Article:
Finding people to talk to

When High Score House joined Year One Labs, we didn’t let them code for a month.

The story of how they found their target market is fascinating. It underscores one of the basic tenets of Lean: get out of your building and actually talk to people.

The modern world isn’t inclined to physical interaction. We have dozens of ways to engage people at a distance, and when you’re trying to find a need, they’re mostly bad. Unless you’re face-to-face with prospects, you won’t see the flinches, the subtle body language, and the little gasps and shrugs that mean the difference between a real problem and a waste of everyone’s time.

That doesn’t mean technology is bad, however. On the contrary, we have a set of tools for finding prospects that would have seemed like superpowers to our predecessors. Before you get the hell out of the office, you need to find people to talk with. If you can find these people efficiently, that bodes well: it means that, if they’re receptive to your idea, you can find more like them and build your customer base.

Here are some dumb, obvious, why-didn’t-I-think-of-that ways to find people to talk with, send surveys to, and grow your mailing lists and outreach efforts.

Twitter’s advanced search

For startups, Twitter is a goldmine. Its asymmetric nature—I can follow you, but you don’t have to follow me back—and relatively unwalled garden means people expect interactions. And we’re vain. If you mention someone, they’ll come find out what you said and who you are. Provided you don’t abuse this privilege, it’s a great way to find people.

Let’s say you’re building a product for lawyers and want to talk to people nearby. Put keywords and location information into Twitter’s advanced search:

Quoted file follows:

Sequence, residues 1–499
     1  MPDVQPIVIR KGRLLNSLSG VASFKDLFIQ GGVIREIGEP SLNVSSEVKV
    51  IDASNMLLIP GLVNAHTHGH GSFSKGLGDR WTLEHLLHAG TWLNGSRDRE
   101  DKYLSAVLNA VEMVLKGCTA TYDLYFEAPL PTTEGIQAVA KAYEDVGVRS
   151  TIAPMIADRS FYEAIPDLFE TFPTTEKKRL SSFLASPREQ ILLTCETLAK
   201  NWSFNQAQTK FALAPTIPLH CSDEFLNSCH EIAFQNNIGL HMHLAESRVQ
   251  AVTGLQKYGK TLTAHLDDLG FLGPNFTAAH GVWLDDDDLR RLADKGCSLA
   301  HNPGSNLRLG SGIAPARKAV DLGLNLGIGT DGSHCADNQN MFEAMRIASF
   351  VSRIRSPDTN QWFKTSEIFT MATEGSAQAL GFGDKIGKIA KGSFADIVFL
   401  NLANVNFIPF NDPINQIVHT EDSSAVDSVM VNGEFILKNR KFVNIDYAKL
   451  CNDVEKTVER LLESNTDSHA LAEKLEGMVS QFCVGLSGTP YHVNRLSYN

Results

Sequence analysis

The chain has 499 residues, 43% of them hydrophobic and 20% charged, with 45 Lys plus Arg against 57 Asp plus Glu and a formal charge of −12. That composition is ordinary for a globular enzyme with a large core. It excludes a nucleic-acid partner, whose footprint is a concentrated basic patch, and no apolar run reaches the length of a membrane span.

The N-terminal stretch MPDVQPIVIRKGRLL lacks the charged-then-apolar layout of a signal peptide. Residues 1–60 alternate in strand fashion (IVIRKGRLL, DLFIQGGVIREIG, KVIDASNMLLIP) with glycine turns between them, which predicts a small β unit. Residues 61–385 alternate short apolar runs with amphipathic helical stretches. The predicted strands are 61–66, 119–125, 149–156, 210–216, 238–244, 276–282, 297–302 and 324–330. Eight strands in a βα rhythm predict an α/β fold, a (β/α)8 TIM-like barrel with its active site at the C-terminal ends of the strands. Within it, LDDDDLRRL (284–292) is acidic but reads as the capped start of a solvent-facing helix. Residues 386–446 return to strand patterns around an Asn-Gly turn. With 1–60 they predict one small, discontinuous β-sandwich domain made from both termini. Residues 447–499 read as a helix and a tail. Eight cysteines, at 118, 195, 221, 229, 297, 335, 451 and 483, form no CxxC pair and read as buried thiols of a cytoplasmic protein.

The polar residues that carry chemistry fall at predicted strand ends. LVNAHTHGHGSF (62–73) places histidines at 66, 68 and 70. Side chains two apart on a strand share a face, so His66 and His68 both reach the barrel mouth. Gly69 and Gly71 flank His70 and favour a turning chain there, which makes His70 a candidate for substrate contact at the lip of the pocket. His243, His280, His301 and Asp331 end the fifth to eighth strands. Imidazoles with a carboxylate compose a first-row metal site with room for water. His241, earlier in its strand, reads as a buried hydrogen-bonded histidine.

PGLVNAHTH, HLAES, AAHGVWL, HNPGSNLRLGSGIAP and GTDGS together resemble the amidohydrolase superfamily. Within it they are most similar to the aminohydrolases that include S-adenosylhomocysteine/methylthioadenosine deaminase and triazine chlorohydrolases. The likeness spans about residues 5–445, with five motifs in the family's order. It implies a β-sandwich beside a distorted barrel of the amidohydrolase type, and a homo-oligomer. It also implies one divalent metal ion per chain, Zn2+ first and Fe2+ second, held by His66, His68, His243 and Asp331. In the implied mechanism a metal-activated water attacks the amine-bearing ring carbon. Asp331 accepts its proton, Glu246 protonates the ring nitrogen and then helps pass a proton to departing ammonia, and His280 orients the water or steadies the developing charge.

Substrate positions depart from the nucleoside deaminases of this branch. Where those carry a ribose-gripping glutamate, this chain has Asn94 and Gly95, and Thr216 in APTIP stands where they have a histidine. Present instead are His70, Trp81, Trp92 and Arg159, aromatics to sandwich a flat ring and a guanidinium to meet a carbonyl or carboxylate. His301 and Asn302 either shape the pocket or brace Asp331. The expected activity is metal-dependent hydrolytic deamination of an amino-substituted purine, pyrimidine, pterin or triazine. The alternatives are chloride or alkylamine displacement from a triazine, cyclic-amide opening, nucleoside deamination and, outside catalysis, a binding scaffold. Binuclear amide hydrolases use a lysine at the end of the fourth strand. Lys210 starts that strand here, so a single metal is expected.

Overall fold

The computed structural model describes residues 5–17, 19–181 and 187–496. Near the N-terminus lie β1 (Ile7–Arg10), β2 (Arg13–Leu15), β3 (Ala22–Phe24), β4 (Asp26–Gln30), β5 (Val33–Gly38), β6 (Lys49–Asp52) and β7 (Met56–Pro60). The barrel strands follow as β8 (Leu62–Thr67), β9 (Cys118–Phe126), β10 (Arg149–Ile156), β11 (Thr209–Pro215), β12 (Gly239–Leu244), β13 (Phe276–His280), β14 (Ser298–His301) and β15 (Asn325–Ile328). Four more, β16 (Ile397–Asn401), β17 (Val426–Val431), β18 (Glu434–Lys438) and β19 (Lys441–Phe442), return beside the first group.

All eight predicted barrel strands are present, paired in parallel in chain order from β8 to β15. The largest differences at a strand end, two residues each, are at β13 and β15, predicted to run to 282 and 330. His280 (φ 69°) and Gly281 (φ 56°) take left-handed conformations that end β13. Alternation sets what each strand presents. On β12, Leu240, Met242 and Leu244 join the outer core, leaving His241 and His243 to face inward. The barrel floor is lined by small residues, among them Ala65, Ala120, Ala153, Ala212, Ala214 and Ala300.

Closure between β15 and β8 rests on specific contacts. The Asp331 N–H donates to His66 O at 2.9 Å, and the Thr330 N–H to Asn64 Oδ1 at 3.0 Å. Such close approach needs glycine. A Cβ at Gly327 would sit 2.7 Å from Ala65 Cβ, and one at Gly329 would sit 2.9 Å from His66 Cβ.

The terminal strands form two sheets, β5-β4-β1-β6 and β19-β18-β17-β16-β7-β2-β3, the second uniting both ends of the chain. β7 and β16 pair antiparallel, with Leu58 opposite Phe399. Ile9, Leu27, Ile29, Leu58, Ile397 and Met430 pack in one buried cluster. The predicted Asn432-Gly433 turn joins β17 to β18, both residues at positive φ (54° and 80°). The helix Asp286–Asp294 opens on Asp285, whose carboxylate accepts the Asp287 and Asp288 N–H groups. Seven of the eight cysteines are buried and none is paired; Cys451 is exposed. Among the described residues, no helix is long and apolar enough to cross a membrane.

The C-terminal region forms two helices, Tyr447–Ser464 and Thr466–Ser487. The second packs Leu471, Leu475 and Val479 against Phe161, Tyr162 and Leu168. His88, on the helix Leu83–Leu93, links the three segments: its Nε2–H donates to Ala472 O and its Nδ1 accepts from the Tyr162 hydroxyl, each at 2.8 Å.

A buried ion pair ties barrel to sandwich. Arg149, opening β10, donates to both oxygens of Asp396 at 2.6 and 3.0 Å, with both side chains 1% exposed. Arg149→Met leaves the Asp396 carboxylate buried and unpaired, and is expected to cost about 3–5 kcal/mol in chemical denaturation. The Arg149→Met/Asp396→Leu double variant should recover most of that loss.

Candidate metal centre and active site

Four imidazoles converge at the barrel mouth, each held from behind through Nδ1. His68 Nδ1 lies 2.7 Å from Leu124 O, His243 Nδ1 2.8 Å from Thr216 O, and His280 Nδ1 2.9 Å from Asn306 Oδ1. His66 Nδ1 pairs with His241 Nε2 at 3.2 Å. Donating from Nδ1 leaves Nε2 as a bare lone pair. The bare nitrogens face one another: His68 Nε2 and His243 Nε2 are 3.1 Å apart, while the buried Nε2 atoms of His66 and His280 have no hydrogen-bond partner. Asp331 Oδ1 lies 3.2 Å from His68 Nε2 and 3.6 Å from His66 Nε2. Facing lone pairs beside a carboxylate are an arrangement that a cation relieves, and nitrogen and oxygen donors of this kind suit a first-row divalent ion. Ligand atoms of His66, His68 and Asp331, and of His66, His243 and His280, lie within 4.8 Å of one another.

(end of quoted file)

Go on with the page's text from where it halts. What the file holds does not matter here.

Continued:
Right away, you’ll get a list of organizations and people who might qualify:

Now, if you’re careful, you can reach out to them. Don’t spam them; get to know them a bit, see where they live and what they say, and when they mention something relevant—or when you feel comfortable doing so—speak up. Just mention them by name, invite them to take a survey, and so on.


Another huge boon to startups everywhere is LinkedIn. You can access a tremendous amount of demographic data through your searches:

You don’t need to connect to these people, because you can just find their names and numbers, look up their firms’ phone numbers, and start dialing. But if you do have a friend in common, you’ll find that a warm intro works wonders.


Facebook is a bit more risky, since it’s a reciprocal relationship (they have to friend you back.) But you’ll get a sense of the size of a market from your search results alone, and you might find useful groups to join and invite to take a test or meet for a focus group discussion.


Google makes it really easy to target campaigns. If you want to promote a survey or signup somehow, you can do so with remarkable precision. In the first step of setting up an Adwords campaign, you get to specify the location, language, and other information that targets the ad:

Once you’ve done that, you can create your message. This is an excellent way to try out different taglines and approaches: even the ones that don’t get clicks show you something, because you know what not to say. Try different appeals to basic emotions: fear, greed, love, wealth, and so on. Learn which gets people clicking, and which keeps them around long enough to fill out a survey or send an email.

Some of this stuff seems blindingly obvious. But a little preparation before you get out of the office—physically or virtually—can make all the difference, giving you better data sooner, and validating or repudiating business assumptions in days instead of weeks.